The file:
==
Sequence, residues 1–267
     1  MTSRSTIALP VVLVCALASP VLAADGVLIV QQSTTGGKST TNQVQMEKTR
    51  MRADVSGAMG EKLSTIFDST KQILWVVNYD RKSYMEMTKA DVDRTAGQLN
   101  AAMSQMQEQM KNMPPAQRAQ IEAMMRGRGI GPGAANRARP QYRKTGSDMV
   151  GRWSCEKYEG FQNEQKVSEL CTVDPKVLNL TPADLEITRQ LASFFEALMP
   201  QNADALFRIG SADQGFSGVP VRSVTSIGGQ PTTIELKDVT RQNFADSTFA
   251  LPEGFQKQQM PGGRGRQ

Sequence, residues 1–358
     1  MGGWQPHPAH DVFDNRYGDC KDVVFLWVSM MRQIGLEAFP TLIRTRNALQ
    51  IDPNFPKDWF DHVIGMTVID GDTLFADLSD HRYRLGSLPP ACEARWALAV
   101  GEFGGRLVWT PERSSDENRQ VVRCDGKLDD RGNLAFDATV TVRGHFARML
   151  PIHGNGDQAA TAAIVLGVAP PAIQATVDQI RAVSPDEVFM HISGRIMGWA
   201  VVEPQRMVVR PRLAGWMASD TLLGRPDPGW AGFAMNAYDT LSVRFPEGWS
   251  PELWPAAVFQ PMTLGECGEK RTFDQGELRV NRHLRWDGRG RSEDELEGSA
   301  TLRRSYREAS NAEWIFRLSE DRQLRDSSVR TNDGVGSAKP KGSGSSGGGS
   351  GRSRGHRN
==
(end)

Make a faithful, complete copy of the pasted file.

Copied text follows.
Sequence, residues 1–267
     1  MTSRSTIALP VVLVCALASP VLAADGVLIV QQSTTGGKST TNQVQMEKTR
    51  MRADVSGAMG EKLSTIFDST KQILWVVNYD RKSYMEMTKA DVDRTAGQLN
   101  AAMSQMQEQM KNMPPAQRAQ IEAMMRGRGI GPGAANRARP QYRKTGSDMV
   151  GRWSCEKYEG FQNEQKVSEL CTVDPKVLNL TPADLEITRQ LASFFEALMP
   201  QNADALFRIG SADQGFSGVP VRSVTSIGGQ PTTIELKDVT RQNFADSTFA
   251  LPEGFQKQQM PGGRGRQ

Sequence, residues 1–358
     1  MGGWQPHPAH DVFDNRYGDC KDVVFLWVSM MRQIGLEAFP TLIRTRNALQ
    51  IDPNFPKDWF DHVIGMTVID GDTLFADLSD HRYRLGSLPP ACEARWALAV
   101  GEFGGRLVWT PERSSDENRQ VVRCDGKLDD RGNLAFDATV TVRGHFARML
   151  PIHGNGDQAA TAAIVLGVAP PAIQATVDQI RAVSPDEVFM HISGRIMGWA
   201  VVEPQRMVVR PRLAGWMASD TLLGRPDPGW AGFAMNAYDT LSVRFPEGWS
   251  PELWPAAVFQ PMTLGECGEK RTFDQGELRV NRHLRWDGRG RSEDELEGSA
   301  TLRRSYREAS NAEWIFRLSE DRQLRDSSVR TNDGVGSAKP KGSGSSGGGS
   351  GRSRGHRN